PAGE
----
Japanese probe sets sail to Venus
The Japanese Aerospace Exploration Agency (JAXA) is poised to launch a probe on a two-year mission to study the weather and explore the enigmatic surface of cloud-shrouded Venus.
The Akatsuki ("Dawn”) climate orbiter will be lofted into space on an H-IIA rocket, along with a small solar power sail demonstrator known as Ikaros that will accompany the orbiter to Venus.
Once in space, the 677-pound (307-kilogram) Ikaros is expected to separate from the rocket and unfurl a 46-foot-wide (14-meter-wide) solar sail.
"First proposed in the 1920s, solar sails are large reflective membranes that allow a spacecraft to be pushed by radiation pressure from sunlight, negating the need for heavy onboard fuel," explained National Geographic’s Julian Ryall.
"[But] Ikaros is considered a hybrid, because the sail's membrane—itself just 0.0075 millimeters thick—sports thin-film solar cells for generating electricity, which will power Ikaros's high-efficiency ion-propulsion engines."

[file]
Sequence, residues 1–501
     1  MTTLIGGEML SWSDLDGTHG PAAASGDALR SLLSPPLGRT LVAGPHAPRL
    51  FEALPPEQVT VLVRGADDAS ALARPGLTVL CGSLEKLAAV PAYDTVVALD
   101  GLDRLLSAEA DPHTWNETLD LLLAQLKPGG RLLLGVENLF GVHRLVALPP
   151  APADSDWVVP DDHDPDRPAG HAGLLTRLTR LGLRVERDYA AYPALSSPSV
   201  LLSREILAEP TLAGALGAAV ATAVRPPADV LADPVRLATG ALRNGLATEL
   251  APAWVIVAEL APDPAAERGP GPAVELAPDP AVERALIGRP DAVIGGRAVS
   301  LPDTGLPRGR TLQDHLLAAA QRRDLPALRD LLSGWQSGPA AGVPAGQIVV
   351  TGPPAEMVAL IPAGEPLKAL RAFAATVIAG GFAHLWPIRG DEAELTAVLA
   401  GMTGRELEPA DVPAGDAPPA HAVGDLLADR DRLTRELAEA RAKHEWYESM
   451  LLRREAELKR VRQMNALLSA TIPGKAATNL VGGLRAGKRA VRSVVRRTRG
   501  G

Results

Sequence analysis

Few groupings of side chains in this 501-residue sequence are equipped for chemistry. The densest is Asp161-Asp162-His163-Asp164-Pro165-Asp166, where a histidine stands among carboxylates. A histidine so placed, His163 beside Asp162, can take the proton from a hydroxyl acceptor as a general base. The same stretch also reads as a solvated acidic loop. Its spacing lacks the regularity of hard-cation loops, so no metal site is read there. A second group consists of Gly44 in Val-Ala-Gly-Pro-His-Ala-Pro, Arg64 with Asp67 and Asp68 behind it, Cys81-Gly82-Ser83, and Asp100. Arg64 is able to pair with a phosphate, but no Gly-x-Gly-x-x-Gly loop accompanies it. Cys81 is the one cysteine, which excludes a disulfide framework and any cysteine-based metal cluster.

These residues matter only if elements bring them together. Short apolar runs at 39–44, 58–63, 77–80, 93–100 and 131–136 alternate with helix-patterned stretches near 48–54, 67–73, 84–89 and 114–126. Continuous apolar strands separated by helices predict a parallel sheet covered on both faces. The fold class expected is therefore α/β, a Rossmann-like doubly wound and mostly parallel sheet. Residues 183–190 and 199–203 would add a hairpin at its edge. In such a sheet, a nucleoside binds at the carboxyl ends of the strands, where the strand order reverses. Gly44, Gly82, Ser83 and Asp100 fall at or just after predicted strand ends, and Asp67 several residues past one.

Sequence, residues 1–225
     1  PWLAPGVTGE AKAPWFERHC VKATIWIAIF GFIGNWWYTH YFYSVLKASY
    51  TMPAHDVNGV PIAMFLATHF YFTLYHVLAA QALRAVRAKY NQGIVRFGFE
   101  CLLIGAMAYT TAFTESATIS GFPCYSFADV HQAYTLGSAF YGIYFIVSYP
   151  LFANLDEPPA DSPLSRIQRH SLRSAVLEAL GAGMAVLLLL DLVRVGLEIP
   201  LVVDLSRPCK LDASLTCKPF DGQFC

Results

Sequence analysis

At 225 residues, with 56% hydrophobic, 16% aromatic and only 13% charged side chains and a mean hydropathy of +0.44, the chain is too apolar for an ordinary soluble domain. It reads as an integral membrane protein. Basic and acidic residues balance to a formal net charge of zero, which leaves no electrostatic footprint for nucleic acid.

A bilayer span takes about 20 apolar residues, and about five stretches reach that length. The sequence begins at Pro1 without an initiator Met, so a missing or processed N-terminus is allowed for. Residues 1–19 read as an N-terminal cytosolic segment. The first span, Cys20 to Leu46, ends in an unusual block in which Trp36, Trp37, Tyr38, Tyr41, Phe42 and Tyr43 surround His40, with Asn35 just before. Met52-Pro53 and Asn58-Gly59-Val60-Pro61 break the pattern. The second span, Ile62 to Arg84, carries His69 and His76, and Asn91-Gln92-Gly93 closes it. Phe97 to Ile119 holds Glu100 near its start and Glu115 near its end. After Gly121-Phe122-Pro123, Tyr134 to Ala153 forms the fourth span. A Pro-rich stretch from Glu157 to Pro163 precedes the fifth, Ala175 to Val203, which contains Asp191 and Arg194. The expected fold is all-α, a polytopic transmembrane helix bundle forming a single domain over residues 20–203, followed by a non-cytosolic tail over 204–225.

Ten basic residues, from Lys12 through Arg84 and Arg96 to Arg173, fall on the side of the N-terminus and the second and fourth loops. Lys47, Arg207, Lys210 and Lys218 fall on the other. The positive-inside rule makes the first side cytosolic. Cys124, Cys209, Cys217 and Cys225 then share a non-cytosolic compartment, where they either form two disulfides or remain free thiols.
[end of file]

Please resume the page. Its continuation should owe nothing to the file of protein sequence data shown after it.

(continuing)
Meanwhile, project scientist Takeshi Imamura told Space News that Akatsuki was the "world's first" interplanetary probe which deserved to be called a meteorological satellite.
"Once we can explain the structure of Venus, we will be able to better understand Earth," noted Imamura.
"For example, we may discover the reasons that only Earth has been able to sustain oceans, and why only Earth is abundant in life."
The probe is equipped with five different cameras to study Venus' clouds, map the planet's weather and peek through its thick atmosphere to view the surface.
"Venus somehow transformed from a more Earth-like place to the alien place it is today, and what's fascinating about the world is figuring out how it diverges from the Earth and the history behind why that happened," said David Grinspoon, curator of astrobiology at the Denver Museum of Nature and Science and an interdisciplinary scientist on the Venus Express mission.
"It could help us understand how things here [on Earth] might change."